Recent studies suggest that mitochondria can be transferred between cells to support the survival of metabolically compromised cells. However, whether intercellular mitochondria transfer occurs in white adipose tissue (WAT) or regulates metabolic homeostasis in vivo remains unknown. We found that macrophages acquire mitochondria from neighboring adipocytes in vivo and that this process defines a transcriptionally distinct macrophage subpopulation. A genome-wide CRISPR-Cas9 knockout screen revealed that mitochondria uptake depends on heparan sulfates (HS). High-fat diet (HFD)-induced obese mice exhibit lower HS levels on WAT macrophages and decreased intercellular mitochondria transfer from adipocytes to macrophages. Deletion of the HS biosynthetic gene Ext1 in myeloid cells decreases mitochondria uptake by WAT macrophages, increases WAT mass, lowers energy expenditure, and exacerbates HFD-induced obesity in vivo. Collectively, this study suggests that adipocytes and macrophages employ intercellular mitochondria transfer as a mechanism of immunometabolic crosstalk that regulates metabolic homeostasis and is impaired in obesity.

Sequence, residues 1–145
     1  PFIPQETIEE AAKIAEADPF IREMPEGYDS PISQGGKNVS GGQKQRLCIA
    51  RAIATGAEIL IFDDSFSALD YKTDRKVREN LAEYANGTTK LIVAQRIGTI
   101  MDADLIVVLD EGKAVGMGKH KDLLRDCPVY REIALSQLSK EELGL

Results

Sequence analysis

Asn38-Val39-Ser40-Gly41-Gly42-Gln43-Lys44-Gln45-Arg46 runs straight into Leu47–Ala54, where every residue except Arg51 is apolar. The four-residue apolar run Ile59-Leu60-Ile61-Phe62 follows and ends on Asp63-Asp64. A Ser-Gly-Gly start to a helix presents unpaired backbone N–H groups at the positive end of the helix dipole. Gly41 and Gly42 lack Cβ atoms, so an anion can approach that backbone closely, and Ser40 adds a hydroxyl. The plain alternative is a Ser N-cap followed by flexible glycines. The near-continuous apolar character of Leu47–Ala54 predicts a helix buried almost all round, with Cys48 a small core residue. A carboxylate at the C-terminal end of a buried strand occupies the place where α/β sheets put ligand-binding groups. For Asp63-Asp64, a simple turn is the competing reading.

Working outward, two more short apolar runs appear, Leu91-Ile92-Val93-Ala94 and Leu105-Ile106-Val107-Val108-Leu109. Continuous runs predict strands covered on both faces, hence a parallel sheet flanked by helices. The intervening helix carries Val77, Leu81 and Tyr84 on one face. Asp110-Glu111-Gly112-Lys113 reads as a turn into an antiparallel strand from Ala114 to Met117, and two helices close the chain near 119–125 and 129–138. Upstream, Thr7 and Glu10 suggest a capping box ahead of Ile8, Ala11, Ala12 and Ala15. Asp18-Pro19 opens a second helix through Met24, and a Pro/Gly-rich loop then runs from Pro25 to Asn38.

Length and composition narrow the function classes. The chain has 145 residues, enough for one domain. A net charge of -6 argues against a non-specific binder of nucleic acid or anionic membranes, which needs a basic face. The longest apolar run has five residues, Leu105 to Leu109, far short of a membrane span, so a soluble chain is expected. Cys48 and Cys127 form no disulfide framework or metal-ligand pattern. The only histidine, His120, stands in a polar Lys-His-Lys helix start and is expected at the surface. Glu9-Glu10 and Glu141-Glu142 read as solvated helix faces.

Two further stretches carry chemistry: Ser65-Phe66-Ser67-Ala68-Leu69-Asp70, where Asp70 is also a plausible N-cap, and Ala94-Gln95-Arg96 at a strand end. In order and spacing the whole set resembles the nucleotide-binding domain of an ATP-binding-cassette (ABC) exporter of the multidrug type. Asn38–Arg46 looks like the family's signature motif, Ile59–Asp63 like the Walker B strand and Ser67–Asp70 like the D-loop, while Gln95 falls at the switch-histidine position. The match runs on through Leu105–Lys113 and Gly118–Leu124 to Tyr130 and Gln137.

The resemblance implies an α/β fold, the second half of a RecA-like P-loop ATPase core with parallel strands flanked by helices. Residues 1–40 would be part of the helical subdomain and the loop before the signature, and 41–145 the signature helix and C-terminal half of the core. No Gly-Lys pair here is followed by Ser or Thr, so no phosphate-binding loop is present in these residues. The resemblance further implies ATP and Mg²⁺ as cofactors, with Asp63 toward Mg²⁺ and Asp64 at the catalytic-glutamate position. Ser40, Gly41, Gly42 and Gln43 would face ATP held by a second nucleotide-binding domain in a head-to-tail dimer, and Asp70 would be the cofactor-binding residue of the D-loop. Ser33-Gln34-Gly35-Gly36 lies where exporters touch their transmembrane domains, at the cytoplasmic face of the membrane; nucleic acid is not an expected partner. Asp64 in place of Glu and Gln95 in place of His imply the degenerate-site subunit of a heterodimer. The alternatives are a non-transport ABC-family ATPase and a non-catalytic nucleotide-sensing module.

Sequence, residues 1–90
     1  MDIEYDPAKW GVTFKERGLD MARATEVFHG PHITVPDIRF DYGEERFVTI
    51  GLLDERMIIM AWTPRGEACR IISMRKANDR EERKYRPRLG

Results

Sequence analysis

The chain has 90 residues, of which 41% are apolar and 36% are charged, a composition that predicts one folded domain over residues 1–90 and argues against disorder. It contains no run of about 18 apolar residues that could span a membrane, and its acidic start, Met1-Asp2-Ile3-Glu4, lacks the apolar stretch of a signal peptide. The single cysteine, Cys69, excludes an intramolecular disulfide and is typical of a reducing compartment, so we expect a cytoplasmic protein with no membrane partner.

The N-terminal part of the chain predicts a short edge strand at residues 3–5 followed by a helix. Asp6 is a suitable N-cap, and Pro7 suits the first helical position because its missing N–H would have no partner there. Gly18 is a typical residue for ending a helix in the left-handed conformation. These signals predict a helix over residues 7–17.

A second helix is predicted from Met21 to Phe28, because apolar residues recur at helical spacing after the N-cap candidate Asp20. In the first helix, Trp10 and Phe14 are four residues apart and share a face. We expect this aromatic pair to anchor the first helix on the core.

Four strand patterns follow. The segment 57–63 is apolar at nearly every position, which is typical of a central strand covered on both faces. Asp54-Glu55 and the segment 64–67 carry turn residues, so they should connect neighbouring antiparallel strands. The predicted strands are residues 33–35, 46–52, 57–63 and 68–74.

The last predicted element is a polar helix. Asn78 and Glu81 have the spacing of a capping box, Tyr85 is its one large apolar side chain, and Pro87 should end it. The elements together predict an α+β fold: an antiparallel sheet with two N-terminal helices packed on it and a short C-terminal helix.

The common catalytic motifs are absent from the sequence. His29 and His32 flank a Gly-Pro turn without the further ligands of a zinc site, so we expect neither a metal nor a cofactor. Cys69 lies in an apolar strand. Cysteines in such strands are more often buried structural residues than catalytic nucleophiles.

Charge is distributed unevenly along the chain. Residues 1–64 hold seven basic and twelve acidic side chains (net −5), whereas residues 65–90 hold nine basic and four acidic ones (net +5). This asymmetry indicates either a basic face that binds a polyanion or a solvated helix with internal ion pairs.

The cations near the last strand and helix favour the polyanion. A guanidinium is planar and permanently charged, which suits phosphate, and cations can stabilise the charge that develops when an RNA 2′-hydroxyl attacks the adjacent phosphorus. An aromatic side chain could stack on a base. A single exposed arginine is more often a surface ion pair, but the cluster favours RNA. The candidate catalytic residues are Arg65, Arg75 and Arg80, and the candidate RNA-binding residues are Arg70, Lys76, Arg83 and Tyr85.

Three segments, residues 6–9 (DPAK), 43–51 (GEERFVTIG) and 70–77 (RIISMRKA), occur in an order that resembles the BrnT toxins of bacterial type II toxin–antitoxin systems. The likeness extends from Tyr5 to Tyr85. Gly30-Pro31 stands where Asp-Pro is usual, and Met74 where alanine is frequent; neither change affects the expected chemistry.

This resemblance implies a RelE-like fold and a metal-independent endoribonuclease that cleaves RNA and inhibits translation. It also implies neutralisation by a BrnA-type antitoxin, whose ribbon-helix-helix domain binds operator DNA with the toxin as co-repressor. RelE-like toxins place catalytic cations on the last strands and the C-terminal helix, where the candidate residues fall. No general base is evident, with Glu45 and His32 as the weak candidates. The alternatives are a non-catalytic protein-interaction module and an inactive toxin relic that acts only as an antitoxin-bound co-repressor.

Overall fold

Keywords: beige adipose tissue; brown adipose tissue; horizontal mitochondria transfer; immunometabolism; intercellular mitochondria transfer; macrophage; metabolism; mitochondria; obesity; white adipose tissue.
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